Reggia di Caserta – The Royal Palace

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Monica Di Martino
Monica Di Martino
Italian born and raised | Based in London | Loves sharing life through photos 👉🏻 #wheremonicawent

The Reggia di Caserta, often referred to as the Italian Versailles, is an 18th century Baroque Royal Palace. The palace was listed by UNESCO as a world heritage site in 1997.

History

The Royal Palace was the King of Naples, Charles of Bourbon’s, personal wish. He wanted the palace to compete with the already established Versailles. Charles also wanted it to act as a magnificent symbol of his new kingdom.

Reggia di Caserta

The Royal Palace and the gardens were designed by architect Luigi Vanvitelli and works began in 1752 on the king’s 36th birthday. Works stalled following the death of Luigi but his son Carlo eventually took over and completed the project.

The Palace was built on a rectangular plan with four large internal courtyards. Reggia di Caserta sits 36 metres in height, has five floors, 1,200 rooms, 34 staircases and 1,742 windows! The garden stretches out behind the palace for 3 kilometres and comprises 250 beautiful acres which along with the rest of the Royal Palace are open to the public all year round.

Our Trip

We decided to spend the entire day in Caserta. We began the morning by visiting inside the Palace before spending the rest of the day exploring the amazing gardens.

Following our self-guided audio tour, we made our way into the Palace through the Scalone d’Onore (the grand staircase) and the Apartments. We got to see some of the gold and marble rooms, including the Throne Room, and grand paintings of the Kingdom of Naples.

Before exiting to the garden we then entered the Library, which contains over 10,000 books and the Pinacoteca (the picture gallery).

We packed our own lunch to enjoy in the garden in the afternoon. Upon exiting the rear of the Palace you are greeted with the start of the gardens and the beginning of the 3 kilometres great waterfall (Grande Cascata).

A shuttle service allows you to reach the top of the waterfall every 10-15 minutes. Once at the top you’ll find large pic-nic areas for you to use and a small refreshment shop. Our tip is to pack your own lunch if you can!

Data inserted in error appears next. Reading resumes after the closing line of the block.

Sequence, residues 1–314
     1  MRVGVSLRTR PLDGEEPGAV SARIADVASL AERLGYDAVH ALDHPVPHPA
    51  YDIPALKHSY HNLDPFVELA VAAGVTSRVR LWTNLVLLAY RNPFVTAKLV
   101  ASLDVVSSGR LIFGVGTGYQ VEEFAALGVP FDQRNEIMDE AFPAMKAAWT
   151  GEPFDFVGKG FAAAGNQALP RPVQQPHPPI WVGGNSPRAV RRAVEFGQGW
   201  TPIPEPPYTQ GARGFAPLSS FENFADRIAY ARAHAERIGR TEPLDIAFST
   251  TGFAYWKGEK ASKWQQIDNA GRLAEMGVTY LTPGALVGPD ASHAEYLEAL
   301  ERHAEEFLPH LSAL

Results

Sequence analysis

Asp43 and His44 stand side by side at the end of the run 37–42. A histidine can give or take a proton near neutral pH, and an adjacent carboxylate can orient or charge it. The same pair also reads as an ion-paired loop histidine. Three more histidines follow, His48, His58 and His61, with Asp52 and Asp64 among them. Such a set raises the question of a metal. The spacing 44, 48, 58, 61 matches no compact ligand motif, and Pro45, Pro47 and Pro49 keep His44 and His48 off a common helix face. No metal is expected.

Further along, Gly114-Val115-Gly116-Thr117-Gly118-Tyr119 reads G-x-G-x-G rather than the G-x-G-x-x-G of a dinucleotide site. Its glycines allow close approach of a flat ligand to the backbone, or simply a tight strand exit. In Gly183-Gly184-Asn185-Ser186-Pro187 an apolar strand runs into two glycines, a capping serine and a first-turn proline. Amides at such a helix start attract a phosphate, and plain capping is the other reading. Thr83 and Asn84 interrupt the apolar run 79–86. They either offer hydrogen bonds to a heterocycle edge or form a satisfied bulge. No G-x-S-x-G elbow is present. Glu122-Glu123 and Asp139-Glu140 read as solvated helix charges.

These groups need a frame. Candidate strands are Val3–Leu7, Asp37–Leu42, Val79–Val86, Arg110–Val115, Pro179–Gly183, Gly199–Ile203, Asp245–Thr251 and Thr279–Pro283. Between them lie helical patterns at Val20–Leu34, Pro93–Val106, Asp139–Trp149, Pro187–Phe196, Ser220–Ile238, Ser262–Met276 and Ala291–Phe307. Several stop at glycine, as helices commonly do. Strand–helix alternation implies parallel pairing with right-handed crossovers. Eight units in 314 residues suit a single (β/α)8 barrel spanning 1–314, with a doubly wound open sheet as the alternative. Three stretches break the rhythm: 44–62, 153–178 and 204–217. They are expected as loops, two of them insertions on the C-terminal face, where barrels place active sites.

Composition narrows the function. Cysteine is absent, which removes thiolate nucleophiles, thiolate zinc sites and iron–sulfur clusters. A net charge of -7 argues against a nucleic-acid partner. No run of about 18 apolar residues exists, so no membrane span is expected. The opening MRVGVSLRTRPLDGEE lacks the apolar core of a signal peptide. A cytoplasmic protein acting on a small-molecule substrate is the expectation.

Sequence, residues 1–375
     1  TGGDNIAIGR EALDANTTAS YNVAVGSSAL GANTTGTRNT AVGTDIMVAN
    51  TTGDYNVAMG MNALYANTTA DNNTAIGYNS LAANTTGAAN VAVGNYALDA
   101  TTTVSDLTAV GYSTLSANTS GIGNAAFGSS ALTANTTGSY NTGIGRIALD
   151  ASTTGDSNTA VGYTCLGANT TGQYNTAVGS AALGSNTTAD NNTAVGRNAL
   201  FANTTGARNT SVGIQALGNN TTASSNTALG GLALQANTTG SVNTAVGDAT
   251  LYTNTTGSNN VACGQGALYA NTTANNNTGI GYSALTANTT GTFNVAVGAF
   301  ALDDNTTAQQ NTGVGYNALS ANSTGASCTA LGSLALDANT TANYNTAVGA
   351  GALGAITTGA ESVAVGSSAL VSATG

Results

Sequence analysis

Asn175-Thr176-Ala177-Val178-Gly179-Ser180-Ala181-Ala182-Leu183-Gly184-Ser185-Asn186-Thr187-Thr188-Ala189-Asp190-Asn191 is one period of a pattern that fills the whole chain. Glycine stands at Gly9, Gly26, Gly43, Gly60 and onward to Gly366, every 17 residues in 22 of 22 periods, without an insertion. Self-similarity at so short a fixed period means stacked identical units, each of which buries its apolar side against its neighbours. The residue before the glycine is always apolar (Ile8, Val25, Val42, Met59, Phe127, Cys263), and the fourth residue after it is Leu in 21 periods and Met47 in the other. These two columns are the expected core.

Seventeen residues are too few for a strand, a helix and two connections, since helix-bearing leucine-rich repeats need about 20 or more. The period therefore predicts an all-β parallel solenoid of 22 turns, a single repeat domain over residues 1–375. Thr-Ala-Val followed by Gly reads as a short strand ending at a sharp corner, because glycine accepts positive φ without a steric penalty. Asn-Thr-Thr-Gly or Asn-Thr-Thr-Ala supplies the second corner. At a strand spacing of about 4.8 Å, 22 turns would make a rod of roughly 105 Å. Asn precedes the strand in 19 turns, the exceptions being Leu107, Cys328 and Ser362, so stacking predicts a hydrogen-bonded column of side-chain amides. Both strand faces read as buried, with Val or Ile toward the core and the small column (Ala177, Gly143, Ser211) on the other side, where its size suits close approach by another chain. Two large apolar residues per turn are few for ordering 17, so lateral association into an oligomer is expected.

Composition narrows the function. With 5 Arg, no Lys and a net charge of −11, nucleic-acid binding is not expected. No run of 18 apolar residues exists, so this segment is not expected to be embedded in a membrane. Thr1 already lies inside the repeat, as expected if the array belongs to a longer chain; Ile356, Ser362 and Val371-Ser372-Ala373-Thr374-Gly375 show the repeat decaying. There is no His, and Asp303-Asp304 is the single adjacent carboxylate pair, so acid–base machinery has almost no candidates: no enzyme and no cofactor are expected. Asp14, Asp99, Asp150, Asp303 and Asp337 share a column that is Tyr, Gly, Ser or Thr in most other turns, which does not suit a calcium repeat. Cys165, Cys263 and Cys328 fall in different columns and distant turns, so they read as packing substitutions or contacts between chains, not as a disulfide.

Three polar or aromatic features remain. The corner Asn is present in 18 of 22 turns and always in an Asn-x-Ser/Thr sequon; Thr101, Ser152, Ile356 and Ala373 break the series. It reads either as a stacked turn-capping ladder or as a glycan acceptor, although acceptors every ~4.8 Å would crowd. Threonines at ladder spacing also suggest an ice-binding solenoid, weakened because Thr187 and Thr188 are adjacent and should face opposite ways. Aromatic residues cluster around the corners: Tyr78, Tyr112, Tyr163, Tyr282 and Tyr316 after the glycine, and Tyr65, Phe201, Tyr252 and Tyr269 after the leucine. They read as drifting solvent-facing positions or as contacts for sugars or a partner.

At the top, you can really sense the beauty and magnificence of the entire site. From the stretches of water to the statues and Baroque fountains which run the length of the 3 kilometres all the way back down to the Palace.

Located next to the Grande Cascata you’ll find the ‘English Garden’, 25 hectares of majestic trees, rare plants and statues from Pompeii.

Reggia di Caserta

Location

If you plan to stay with us, you’re in luck as its just a 50-minute drive from Villa Di Martino. There are numerous car parks located at the front of the palace.

Getting there by train is also easy as Caserta train station, accessed via regional trains operated by Trenitalia, is just a 5-minute walk from Reggia di Caserta. Regular trains run from Naples (roughly a 43-minute journey) and Salerno (roughly a 1-hour journey).

How much does it cost?

As we chose to spend most of the day there we purchased the ticket that covered everything. At €14 we thought it was good value for money as you get access to the Royal Apartments, Royal Park and the English Garden.

Other ticket options include Park Only for €9 which as the title suggests give you access to the Royal Park and English Garden only. Want to pop in for just a quick tour of the Apartments? You can do so for just €3 on arrival after 5pm.

You can view the full opening hours on the website here. The palace and gardens are usually open every day, except on Tuesdays, December 25th and January 1st

Summary

Overall it was a thoroughly enjoyable day and the Palace and its gardens are definitely a must-see on your next trip to Campania. We were able to explore throughout at our own pace and leisure. It’s a great spot, value for money and a photographers dream.

You can visit the Reggia di Caserta website here.


Photos by Monica

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